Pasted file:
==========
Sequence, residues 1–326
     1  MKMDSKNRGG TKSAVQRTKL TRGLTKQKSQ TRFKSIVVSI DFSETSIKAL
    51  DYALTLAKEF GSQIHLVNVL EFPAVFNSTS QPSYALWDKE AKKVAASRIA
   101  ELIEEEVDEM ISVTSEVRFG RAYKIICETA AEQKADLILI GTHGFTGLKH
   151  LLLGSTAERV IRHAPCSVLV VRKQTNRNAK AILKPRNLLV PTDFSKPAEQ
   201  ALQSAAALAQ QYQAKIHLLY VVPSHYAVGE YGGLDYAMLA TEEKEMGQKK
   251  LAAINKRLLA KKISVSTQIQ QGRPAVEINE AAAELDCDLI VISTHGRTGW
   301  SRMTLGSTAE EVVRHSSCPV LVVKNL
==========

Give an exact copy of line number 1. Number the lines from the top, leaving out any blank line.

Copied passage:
Sequence, residues 1–326